The idea of unconscious smelling and the Hght it lends —
Effect of rest on nerves of smell: in caverns; at sea;
on mountains — Character of a dog's smell — A friend's
surprising experience — Racial smell — Smell a low sub-
ject — Physiology — Man-smelling by savages — Atavism
and a man whose nose never deceived him — Cheek-
smeUing by Mosquito Indians — Case from Dugald



Stewart — Estimating character by scent — The dog's
nose in judging character — Effect of human odour on
animals — Wolves in the Zoological Gardens — Wolf-
children — The jaguar's beneficent impulses — Bear and
puma — The mystery explained .... 83


Little knowledge of savages available — Observations on
the lower animals — Nose-greeting in animals — Smell in
savages — Our unconscious sense of smell — Gypsies and
savages on a level — Nerves of smell — The dog in his
world of smells — Small woodland beasts in their world
— How we are moved by hidden causes — Antipathies —
Classical cases and modern instances — Antipathies and
second sight — A strange case; clairvoyance or sense
of smell ?........ 103


An explanation and apology postponed — Smell in birds —
An ancient controversy — The vulture's two aspects
— ^The way of the vulture — Pigeons — Smell in crows —
Daws and ravens — Carrion crow — ^The rook's double
nature — An uncanny rook story — Panic fear in mam-
mals — Horses and cattle scenting grass and water —
Great stampedes preceding Indian invasions — Indian
warfare in Argentina — A little frontier tragedy . 119


The way this book is being written — The hind in Rich-
mond Park again — An imaginary colloquy — Sense of
direction in animals and man — Snakes — Insects — A
foraging ant — Fishes, batrachians, birds and mammals
— Smell in self-preservation — Horses: the history of a



homing horse — Sense of direction in man — A gaucho's
testimony — Sudden recovery of the sense of direction
— Comments . . . . . • • -135


Migration unrelated to a sense of direction — Personal
observations — ^The old simple account of the pheno-
menon — Migration a mystery still — Newton and
Addison: the supernatural theory — Dr. Henry More
— Erasmus Darwin and his tradition theory — Wallace
and others — Canon Tristram's theory of the origin of
Hfe in the Arctic regions — Glacial epochs and Seebohm
in search of evidence — Benjamin Kidd and the simple
sun theory — Aspects of migration in England — We are
still left wondering — Recent futile methods of attacking
the problem — A new method suggested . . '157


Aspects of migration in southern South America — ^Migrants
from the northern hemisphere — The abundance of
bird life — Golden plover — Eskimo curlew — Buff-
breasted sandpiper — Glossy ibis — Cow-bird — Military
starling — Upland plover — The beautiful has vanished
and returns not . . . . . • • 171


The migrants' cry — Unrest previous to departure — Upland
plover, swallows and others — Demonstrative and un-
demonstrative species — Parental sohcitude — Swifts and
house-martins — Strange case of a captive cuckoo —
Night migration of diurnal species — Woodland migrants
on the pampas — Reluctant migrants — Thistledown as



an illustration — ^Migration of a troupial — Fear in birds
and false associations — Direction of migration — Un-
rest — Flying north — Migration of rock-swallow — Pull
of the north — Perturbations in migration — Upland
plover ......... 183


No hard and fast line between migrants and non-migrants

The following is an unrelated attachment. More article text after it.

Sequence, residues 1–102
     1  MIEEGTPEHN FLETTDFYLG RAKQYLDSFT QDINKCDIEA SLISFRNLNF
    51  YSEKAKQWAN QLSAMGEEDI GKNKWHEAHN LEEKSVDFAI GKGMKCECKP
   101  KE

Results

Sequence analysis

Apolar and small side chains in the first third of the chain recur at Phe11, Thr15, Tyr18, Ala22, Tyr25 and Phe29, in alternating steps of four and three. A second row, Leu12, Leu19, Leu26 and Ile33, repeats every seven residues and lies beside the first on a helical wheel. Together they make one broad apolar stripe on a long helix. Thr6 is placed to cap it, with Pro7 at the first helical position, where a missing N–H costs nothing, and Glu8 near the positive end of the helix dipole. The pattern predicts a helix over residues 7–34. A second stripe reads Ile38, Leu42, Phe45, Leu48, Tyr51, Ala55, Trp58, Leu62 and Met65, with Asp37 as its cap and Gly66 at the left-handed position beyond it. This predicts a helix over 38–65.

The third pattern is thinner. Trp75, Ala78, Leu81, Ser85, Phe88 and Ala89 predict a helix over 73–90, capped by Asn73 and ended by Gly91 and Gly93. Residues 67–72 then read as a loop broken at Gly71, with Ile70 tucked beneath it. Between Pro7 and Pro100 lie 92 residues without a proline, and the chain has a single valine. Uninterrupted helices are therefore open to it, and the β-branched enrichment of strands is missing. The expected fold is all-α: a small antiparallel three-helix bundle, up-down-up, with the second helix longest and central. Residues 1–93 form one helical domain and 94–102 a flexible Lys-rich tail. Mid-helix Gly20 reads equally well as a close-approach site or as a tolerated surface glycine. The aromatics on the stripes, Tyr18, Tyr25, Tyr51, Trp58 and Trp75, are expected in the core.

— Swallows and partridges — Contrasted behaviour in
two mocking-birds — Spur-wing lapwing — An instinct in
a state of flux — Migration in other creatures — Fishes
and insects — Kirby and Spence speculate — Spiders —
Mammals — Migration a danger — Sand-grouse and
the "Tartar invasions of Europe" — A "sense of
polarity " the origin of migration — A trace of this
sense in man ....... 205


The pampas Indian's battle-cry — Terrifying effects of sound
generally — Other aspects of sound — Effect of a power-
ful sneeze — The human voice at its loudest — Account
of a man with a big voice — Sound in the ears of the
drowning — Sound of big bells heard in a belfry — A
great thunder-clap — The phenomenon and the dream
— The wilderness of the mind . . . .227


The rhea's voice — Sounds that carry farthest — Man and
animals compared as to voice power — The swift's
flight — Melody — Music as art and instinctive — Mam-
malian music — Capybara — Quis — Tuco-tuco — Singing
mouse and small rodents — Monkeys — Braying of the
ass as music — A purge for the mind — The ass in fable
and folk-story ....... 239




Music of the lower animals — Of savage man and Hindoos
— Music of the stone age — The cannibal Pan — Singing
of savages — Origin of song — Diderot and Herbert
Spencer — The cries of passion — Music founded on
passion and play — Music older than speech — Origin of
rhythm — Impassioned speech in savage and civilised
man — Song in speech and speech in song — Darwin's
theory — Herbert Spencer's theory of the function of
music — What is Poetry ? — Spiritual senses — ^Music and
Poetry sister arts — Furthest apart at their greatest,
and nearest at their lowest . . . . -255


Instrumental music, one with vocal music in its origin —
Instrumental music in the lower animals — Insects —
Cicada — Locusts — CEcanthus; silence, moonlight and
tears made audible — Locusta viridissima and music in
insects and man — A robber fly's musical performance
— Of insect wing-music generally — Hover-fly — Birds as
instrumentalists — Storks and woodpeckers — Wings as
instruments of music — Wing slappings and clappings
— Bleating of snipe — Origin of wing-music . .281


Instrumental music and its evolution — A book that is
wanted — Fashion, caprice and selection — The piano
made perfect — The quality most desired in musical
sound — A bird and insect illustration — Naturalness of
instrumental music — A bird-voice and the power of